Episode 3: Freelance Lawyering and the Unlaw Firm with Erin Cowling of Flex Legal Network
Episode 4: Remaking Law Firms (Part 1) with Dr. George Beaton of Beaton Research + Consulting
This is a great podcast for anyone interested in finding out more about "New Law" or the Canadian legal landscape in general. We look forward to listening to future podcasts!
For those of us engaged in New Law practices and challenging the status quo of the legal profession, it is exciting to see the recently released report "Do Law Differently: Futures for Young Lawyers" by the CBA Legal Futures Initiative. This report, written by Jordan Furlong, provides a road map, survival tips, and tools and resources for young lawyers (arguably any lawyer) interested in forging an alternative career in New Law.
This comprehensive guide looks back on how the Canadian legal landscape has changed, and how it will change through regulatory liberalization, competitive pressures, and technology advances, to name a few. The Report also provides an overview of emerging career opportunities. Furlong writes: "While 'lawyer jobs' decline, there should be a growing number of 'lawyer opportunities'". Several distinct types of additional or alternative career paths are covered, including freelance lawyering (yay!), working with artificial intelligence, legal project management, and engaging in preventative law (proactive rather than reactive legal services). Emotional intelligence, entrepreneurial spirit, network building and financial literacy are just some of the skills the Report predicts will be required in the new legal market landscape.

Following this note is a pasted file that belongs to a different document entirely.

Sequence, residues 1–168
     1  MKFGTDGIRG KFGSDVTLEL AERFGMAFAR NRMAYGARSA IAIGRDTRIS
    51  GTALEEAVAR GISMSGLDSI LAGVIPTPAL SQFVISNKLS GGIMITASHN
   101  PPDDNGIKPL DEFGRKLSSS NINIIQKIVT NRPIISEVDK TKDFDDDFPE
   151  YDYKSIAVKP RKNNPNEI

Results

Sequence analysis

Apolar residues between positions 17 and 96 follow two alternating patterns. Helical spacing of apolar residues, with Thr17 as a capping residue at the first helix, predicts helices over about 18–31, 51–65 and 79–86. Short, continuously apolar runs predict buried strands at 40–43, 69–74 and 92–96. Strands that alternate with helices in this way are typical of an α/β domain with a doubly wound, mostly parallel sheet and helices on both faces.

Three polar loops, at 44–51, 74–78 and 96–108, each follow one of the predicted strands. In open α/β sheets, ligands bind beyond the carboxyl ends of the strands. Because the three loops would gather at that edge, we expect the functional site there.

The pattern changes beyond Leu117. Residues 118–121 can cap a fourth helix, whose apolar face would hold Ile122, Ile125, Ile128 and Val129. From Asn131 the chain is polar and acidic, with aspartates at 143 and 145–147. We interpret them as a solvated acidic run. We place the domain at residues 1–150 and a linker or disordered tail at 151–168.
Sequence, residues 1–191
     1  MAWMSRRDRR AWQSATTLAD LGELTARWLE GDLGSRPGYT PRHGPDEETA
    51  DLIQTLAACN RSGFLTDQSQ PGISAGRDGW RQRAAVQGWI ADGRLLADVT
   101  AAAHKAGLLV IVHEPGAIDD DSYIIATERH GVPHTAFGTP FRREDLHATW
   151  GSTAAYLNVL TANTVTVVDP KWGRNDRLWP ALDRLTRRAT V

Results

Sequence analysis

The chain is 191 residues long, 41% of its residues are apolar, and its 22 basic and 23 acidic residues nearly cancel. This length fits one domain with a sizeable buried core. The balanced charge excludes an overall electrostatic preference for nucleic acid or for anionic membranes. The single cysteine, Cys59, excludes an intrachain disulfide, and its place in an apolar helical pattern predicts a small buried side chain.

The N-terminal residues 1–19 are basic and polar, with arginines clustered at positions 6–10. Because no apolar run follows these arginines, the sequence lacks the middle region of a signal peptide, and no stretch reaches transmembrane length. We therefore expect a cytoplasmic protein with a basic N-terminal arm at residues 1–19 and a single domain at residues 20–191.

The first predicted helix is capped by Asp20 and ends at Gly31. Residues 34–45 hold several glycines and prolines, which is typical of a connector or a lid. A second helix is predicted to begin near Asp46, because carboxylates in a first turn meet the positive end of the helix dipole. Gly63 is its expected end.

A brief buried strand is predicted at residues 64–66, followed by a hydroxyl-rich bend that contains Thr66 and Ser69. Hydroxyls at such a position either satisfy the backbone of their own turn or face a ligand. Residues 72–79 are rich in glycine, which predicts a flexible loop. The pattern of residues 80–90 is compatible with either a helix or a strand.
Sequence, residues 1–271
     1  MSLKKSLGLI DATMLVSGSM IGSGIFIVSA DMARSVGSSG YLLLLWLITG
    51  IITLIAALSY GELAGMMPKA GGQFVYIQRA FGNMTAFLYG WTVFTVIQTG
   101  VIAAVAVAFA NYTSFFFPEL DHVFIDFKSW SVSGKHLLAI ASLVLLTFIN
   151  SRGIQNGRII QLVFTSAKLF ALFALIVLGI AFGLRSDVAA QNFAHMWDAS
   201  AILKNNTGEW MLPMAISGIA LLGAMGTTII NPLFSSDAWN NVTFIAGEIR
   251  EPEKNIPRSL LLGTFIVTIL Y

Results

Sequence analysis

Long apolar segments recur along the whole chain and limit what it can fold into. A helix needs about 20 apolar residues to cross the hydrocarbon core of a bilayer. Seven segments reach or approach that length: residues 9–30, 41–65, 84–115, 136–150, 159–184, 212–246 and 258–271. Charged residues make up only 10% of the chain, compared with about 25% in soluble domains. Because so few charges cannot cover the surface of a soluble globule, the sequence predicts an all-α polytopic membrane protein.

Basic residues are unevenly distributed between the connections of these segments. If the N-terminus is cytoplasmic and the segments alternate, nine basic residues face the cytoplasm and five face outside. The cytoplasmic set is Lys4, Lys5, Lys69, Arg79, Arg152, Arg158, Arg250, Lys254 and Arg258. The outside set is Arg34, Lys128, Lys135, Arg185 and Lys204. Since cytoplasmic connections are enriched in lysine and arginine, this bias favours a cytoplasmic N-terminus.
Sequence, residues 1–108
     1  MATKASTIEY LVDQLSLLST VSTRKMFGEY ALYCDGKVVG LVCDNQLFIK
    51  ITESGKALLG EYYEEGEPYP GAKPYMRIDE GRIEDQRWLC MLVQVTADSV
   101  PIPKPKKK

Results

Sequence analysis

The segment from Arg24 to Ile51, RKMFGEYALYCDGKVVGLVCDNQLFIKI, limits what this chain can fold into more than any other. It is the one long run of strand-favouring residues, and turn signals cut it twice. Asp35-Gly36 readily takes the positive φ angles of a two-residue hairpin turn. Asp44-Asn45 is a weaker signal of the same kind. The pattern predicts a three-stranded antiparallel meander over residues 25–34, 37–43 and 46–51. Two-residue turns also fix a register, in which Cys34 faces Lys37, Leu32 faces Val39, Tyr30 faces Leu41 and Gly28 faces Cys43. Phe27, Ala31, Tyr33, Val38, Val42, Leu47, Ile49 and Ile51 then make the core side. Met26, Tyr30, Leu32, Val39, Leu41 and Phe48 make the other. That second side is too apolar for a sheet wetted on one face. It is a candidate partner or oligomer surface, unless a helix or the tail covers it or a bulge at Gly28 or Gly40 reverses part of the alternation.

The Report finishes with some great survival tips from New Law "Pioneers" and an "Index of Innovation" listing suggested books, blogs, and other resources.
Flex loves to see Canadian lawyers "doing law differently" and only wish that this guide was around when we were in law school.
The full report can be accessed by CBA members here.
Last week Erin and Ashleigh were privileged to meet with Hersh Perlis a Director of the Legal Innovation Zone (or LIZ) at Ryerson University to discuss the future of law.
Described as “a co-working space for the people and ideas that will change the status quo of Canada’s legal system”, LIZ was launched last April with former Attorney General of Ontario, Chris Bentley, at the helm. LIZ welcomes everyone from entrepreneurs and lawyers to tech experts with a goal to drive innovation. In addition to the co-working space, the legal incubator also provides the support and resources for people to work on their own ideas for justice and legal system solutions. A tour of the facilities revealed a modern and supportive environment that we are sure will give birth to new ways to disrupt the legal profession.
Most recently LIZ hosted a five session community collaboration initiative to reform family law in Ontario and benefit parents and children of separating families. The participants ranged from lawyers, mediators, and students to financial professionals and the public at large. The “better approach” produced by the collaborative workshop will be presented to the Attorney General of Ontario in February.
Also, just last week LIZ announced its partnership with Osler Hoskin and Harcourt LLP, which will provide LIZ's start-ups with resources and feedback from a large firm. The first initiative between the partners will be a hackathon next month involving Osler lawyers, clients, and other industry participants. The hackathon will look at "how 'biglaw' can be done differently to create greater client value". Flex is thrilled to see large, established firms supporting LIZ. Let’s bring “big law” and “new law” to the table more often for collaboration.
We look forward to following the latest developments from LIZ.
In the Fall 2015 edition of the legal magazine Precedent, our "FlexRate Model" was featured in the "Innovation"column in the article: "Why some lawyers are letting clients decide how much to pay on their legal bills". We are delighted to be mentioned in this edition of the magazine which focuses on what the legal industry is "doing right". You can read the full article here.
Are you a busy lawyer looking for experienced help?